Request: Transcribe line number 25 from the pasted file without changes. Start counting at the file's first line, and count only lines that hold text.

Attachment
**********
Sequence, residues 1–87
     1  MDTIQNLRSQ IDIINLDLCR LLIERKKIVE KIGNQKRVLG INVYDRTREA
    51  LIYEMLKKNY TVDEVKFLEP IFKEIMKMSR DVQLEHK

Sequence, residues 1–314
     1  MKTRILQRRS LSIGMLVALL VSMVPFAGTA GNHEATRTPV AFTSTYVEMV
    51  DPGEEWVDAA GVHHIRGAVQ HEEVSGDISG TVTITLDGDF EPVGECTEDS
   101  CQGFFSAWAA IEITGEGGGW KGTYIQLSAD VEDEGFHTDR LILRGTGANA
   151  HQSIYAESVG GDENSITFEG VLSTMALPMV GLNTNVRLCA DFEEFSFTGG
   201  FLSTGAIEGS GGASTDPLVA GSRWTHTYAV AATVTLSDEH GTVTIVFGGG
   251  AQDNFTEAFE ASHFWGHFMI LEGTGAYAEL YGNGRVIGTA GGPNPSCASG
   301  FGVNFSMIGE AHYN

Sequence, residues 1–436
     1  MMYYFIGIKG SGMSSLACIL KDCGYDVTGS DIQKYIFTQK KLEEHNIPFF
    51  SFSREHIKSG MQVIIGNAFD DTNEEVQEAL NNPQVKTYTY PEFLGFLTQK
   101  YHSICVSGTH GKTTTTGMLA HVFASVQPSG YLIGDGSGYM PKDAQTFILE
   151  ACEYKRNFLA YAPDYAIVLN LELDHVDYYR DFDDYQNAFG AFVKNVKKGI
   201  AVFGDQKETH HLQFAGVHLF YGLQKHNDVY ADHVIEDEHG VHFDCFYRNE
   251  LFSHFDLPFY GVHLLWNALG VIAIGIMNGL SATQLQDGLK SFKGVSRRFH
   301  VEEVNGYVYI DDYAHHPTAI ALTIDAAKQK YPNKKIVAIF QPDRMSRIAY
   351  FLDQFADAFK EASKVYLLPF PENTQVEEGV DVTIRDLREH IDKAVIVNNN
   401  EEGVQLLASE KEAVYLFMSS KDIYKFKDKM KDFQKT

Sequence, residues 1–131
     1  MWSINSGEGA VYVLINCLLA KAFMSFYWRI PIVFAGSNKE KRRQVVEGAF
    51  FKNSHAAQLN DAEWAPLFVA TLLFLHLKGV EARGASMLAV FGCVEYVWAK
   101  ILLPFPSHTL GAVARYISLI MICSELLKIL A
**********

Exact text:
   101  ILLPFPSHTL GAVARYISLI MICSELLKIL A